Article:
In the span of a few years, awesome went from a word properly used when standing at the edge of the Grand Canyon for the first time, to a descriptive word for a new Ben and Jerry’s flavor. Radical went from someone sitting in front of a government building and setting themselves on fire in protest, to the description of a slightly above average skateboard maneuver. While awesome has remained steadfast and is still used to an extent, radical, thankfully had a brief run and has been in the witness protection program since about 1987. It is now only used by middle-aged men who still make their living on a BMX bike. I don’t want to see these same tragedies befall epic, so I’m making it my crusade to stop it.
The folks abusing the word so regularly are simply trying to make themselves sound brighter without realizing that using a word out of context only makes one sound dimmer. But for them, ‘epic’ is the perfect word because it sounds cool and smart yet it’s only two syllables and only four letters so they can actually spell it if called upon. To illustrate my point, here is a list of synonymous words that the Tweet folk have rejected: apocalyptic, colossal, mythological, cataclysmic, monumental, grandiose, paragon, enormous, and gargantuan, just to name a few.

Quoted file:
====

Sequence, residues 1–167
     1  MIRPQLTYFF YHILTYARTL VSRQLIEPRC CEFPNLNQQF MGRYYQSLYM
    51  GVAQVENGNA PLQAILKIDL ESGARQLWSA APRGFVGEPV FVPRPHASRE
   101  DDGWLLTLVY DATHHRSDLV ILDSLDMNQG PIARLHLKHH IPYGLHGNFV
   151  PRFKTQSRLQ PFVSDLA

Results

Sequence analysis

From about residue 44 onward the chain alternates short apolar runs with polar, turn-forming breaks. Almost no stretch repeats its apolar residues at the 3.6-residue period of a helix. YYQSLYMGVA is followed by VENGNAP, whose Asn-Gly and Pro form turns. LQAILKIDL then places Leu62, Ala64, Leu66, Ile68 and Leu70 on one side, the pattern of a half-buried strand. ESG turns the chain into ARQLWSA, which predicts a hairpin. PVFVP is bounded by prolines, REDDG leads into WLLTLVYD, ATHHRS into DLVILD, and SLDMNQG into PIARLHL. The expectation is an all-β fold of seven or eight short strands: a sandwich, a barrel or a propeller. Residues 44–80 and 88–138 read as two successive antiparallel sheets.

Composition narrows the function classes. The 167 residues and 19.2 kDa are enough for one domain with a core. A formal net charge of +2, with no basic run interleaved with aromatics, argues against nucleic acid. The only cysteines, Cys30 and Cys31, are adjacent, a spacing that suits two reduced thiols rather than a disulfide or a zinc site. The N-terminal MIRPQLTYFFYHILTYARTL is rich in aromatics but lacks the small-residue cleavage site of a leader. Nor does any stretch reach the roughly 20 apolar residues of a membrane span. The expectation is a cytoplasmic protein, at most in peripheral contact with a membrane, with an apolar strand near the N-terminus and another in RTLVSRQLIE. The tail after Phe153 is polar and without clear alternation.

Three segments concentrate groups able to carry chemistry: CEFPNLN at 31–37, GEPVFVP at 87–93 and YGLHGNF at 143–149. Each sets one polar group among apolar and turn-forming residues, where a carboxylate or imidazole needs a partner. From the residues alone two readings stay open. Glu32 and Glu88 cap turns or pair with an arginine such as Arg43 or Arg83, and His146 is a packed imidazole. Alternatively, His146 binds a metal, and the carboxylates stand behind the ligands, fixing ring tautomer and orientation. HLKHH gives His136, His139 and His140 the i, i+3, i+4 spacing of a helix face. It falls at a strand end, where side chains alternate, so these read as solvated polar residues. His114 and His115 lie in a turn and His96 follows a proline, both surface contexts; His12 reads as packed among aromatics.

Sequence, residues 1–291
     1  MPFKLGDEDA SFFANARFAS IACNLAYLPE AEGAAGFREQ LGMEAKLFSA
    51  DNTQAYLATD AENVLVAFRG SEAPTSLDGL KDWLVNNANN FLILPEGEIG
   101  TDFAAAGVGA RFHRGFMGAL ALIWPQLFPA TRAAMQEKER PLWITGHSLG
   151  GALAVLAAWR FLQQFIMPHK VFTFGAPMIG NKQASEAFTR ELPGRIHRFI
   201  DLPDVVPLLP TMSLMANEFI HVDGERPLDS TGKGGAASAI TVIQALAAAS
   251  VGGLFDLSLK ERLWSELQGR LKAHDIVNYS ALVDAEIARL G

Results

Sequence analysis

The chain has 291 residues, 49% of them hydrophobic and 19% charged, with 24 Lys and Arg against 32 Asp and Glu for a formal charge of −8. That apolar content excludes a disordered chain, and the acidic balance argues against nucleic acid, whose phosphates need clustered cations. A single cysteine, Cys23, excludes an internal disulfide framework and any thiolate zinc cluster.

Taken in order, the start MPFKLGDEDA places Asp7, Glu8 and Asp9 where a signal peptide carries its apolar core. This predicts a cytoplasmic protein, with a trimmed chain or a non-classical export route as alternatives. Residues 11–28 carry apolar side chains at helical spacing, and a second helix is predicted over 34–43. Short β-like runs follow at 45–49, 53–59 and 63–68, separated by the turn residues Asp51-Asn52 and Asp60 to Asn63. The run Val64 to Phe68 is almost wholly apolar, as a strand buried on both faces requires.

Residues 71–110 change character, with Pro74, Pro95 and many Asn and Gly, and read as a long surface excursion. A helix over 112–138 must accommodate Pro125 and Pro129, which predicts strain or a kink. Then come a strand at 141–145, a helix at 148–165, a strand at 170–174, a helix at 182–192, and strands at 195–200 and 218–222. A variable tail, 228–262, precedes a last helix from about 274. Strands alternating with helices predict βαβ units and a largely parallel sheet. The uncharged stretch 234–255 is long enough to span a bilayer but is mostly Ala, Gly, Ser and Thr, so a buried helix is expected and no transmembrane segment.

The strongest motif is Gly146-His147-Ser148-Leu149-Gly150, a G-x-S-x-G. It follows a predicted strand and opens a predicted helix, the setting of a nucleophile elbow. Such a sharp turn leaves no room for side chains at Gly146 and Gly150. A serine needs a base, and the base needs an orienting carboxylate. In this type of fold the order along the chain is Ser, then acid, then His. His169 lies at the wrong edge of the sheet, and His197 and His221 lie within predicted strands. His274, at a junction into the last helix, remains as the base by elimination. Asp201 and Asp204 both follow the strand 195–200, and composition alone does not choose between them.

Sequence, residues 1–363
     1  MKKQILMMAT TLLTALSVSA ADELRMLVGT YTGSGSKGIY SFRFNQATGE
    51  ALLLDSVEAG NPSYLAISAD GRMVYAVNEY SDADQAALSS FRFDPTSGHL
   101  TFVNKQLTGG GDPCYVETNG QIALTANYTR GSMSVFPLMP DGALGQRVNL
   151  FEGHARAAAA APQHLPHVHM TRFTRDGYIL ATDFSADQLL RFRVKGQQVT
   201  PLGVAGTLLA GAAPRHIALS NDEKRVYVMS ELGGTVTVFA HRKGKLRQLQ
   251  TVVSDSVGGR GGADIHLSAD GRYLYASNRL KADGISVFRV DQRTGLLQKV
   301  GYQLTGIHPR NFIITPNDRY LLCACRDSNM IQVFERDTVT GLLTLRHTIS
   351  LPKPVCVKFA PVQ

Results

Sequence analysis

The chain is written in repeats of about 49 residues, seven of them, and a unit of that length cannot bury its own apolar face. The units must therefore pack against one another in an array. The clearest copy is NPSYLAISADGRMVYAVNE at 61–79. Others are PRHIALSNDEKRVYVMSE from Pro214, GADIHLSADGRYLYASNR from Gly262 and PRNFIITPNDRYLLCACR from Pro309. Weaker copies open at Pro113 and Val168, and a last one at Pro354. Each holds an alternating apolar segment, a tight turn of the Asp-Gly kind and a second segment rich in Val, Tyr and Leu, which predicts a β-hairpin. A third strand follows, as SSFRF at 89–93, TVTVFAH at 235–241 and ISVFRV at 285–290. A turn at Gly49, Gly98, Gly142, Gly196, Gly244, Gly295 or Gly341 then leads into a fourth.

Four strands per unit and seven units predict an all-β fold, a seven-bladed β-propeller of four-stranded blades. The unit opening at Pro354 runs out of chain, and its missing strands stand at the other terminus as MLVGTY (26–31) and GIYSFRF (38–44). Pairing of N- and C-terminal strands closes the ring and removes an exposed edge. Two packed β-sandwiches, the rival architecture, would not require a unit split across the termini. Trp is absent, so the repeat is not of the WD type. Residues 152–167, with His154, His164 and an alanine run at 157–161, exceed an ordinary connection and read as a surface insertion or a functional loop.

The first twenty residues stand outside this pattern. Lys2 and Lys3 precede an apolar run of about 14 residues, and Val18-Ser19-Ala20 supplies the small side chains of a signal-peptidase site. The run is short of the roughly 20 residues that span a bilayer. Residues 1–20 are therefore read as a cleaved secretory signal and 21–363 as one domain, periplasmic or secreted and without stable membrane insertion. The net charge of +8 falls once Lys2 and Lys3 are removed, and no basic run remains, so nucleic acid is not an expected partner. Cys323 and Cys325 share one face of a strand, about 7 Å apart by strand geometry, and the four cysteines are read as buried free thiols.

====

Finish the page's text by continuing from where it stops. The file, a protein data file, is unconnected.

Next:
So given the caliber of those we speak of, it’s easy to see why they opted for the 50 cent word with just two consonants and two vowels. I believe that there should be a law called linguistic larceny for the misuse of words, and the penalty should be a firm smack to the back of the neck.
To stick with what I know, and use a bartender’s metaphor, ‘epic’ used to be on vocabulary’s top shelf, and now it’s a cordial that you actually have to bend at the knees to pick up only once a month for inventory.